Human Immortality Using LLMs
Using LLMs and Memory to back ourselves up before we die
I’ve been thinking about digital immortality for a long time before GPTs and LLMs became a thing. Back when I wrote this piece I am pretty sure I was thinking of something able to extract and emulate the brain by interfacing with the biology itself. But that still seems very far off.
Now that we have LLMs, though, another door has opened for us. First a bit about identity itself.
What makes us, us?
I’ve read a million (realistically a hundred or so) books about human identity. What creates it. Whether it’s mostly nature or nurture. How much it changes over our lifetimes. How much it changes. And—probably most importantly—how much those changes matter or don’t matter for our understanding of identity.
Sam Harris just had a guest on talking about Derek Parfit, a philosopher obsessed with these types of questions about identity. It was great to have Sam talk about this topic because I’ve been thinking about similar questions because of Sam for years, especially as they relate to Free Will.
One of the top questions, or perhaps the umbrella question, of this type of work is this:
It’s a lot like the Ship of Theseus. If it’s changing all the time, what makes it the Ship of Theseus. Note: Here’s my answer to that.
Constant change yet still the same
People who don’t believe a person you love can change to become someone you no longer expect/want have never been close to a divorce or parenting.
We’ve all heard of Tay, the AI personality that Microsoft launched that got exposed to the underworld of the internet and became a sexist and racist within a couple of days.
We think of this as an ai training issue, but how different is it when a conservative Lutheran family raises a teenager that grows up in the 60’s?
With Tay you have liberals creating a Bambi of a soul that turns into 4Chan Johnson. With the conservatives they hoped to get Tucker Carlson and got a flower child.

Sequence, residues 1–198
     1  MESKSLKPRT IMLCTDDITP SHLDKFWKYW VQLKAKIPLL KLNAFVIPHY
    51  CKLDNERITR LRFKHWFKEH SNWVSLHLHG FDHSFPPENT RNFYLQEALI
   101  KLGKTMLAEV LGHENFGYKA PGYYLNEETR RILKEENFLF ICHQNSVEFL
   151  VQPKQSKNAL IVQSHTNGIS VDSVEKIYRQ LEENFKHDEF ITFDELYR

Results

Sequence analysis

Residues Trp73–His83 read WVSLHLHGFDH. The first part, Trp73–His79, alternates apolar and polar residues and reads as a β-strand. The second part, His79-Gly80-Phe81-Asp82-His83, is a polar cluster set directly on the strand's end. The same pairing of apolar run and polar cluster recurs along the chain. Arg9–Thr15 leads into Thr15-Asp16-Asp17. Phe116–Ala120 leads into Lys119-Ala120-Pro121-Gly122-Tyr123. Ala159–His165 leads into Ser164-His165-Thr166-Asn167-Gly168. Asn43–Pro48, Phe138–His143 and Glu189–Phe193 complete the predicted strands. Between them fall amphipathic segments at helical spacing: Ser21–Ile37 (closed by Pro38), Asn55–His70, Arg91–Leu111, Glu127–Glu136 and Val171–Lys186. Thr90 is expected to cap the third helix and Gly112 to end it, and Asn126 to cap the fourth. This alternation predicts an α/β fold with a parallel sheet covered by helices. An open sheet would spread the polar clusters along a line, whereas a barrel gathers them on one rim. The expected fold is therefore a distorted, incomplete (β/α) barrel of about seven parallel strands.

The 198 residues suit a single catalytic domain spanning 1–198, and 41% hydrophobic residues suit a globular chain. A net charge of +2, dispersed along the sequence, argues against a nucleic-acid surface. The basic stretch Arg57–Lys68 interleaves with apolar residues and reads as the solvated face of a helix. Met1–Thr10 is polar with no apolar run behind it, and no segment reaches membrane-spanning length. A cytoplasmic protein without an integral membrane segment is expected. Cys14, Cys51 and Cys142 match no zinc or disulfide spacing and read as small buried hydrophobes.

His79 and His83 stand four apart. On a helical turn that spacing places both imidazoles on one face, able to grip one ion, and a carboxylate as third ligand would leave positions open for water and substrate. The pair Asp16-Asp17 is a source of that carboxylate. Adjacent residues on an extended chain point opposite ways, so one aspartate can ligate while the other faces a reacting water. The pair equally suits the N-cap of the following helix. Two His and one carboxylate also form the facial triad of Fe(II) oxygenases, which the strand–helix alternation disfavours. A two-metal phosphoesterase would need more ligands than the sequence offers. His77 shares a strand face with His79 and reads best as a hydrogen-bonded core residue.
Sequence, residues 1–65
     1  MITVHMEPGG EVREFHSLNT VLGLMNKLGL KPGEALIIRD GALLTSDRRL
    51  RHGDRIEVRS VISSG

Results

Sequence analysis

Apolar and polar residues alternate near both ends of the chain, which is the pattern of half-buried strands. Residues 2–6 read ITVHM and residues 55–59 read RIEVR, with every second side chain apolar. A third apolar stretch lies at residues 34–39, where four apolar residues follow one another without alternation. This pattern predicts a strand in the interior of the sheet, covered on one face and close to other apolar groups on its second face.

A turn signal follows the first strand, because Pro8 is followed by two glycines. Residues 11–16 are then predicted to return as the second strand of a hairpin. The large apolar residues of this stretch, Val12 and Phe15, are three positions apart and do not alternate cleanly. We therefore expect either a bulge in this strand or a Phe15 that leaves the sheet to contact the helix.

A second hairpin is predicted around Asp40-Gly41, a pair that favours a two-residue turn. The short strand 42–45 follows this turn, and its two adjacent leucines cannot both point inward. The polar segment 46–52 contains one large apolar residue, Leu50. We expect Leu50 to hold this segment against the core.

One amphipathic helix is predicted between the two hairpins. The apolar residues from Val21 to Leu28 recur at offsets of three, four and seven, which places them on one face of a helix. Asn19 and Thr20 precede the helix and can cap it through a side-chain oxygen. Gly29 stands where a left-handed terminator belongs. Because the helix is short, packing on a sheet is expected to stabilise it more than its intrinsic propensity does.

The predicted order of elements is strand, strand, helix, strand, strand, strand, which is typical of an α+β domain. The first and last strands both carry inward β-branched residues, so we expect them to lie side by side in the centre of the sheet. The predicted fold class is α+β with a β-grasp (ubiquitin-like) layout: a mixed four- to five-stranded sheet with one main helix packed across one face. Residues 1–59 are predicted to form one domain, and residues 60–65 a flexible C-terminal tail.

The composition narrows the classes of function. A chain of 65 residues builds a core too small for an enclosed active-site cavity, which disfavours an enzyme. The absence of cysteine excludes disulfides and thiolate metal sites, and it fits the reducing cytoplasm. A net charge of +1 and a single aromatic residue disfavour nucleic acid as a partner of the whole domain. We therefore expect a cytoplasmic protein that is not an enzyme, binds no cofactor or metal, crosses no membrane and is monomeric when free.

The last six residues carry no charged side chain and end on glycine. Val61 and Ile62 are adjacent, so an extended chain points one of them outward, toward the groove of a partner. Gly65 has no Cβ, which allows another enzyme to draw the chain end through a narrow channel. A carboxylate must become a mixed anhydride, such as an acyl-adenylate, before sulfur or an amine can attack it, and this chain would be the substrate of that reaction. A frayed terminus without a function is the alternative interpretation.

People change all the time, but we still consider them the same person.
In both cases you have a creator that has hopes for what their creation will become. And in both cases they are horribly disappointed because the inputs shaped the output.
And who would say it’s unrealistic that an LLM could be one thing at one stage, and perhaps be a great partner, only to find out in a few months or 20 years that you don’t like them anymore? Isn’t that some massive percentage of relationships?
Isn’t that falling out of love? Isn’t that growing apart? Isn’t that raising a kid who becomes someone you’re not proud of? Isn’t that divorce?
And this isn’t even talking about the most important type of change within a person, which is change in oneself that’s a complete mystery. How often does a human go through life finding themselves accepting or wanting or rejecting things that completely surprise them?
Here’s the most human thing ever:
We are not as far from LLMs as we’d like to believe. We’re often confused about what we are, we’re changing constantly based on input, and our output is massively unpredictable—even to loved ones and ourselves.
The science of human inconsistency
Daniel Kahneman has written extensively on human bias and inconsistency. The biggest and most poignant example of this is the difference between the Experiencing and Remembering self.
Basically, we could be having a good or bad time during a 2-week vacation, and rather than recall accurately all the different good or bad times a year after the trip, we’re likely to only remember key milestone measurements. It’s like you only sample experiences every once in a while, and those samples are what’s used to create your memory.
This is huge because our memories are a big part of our identity. So we might think we really enjoyed, or hated, a particular vacation. Or relationship. Not because it was mostly good or bad, but because our Remembering Self sees it that particular way.
Reflection in a recent AI paper
A screenshot from the experiment
Somewhat related to this, a recent Stanford paper discussed an experiment where autonomous AI agents were put into a SIMS-like environment and asked to behave as themselves. They had basic personalities to start, but over time they started gaining more and more nuance and idiosyncrasies.
The team did this by using a concept called Reflection, whereby they had the agents review recent events within the context of their goals and overall personality, and then to log that as a separate “memory”. So basically like journaling, where you think about what’s happened and reflect on it, which is then captured in writing.
Going back to human change for a moment, think about the ways in which we’re constantly changing, like the Ship of Theseus.
We are constantly changing physical form through the motion of molecules, the destruction and birth of cells, etc.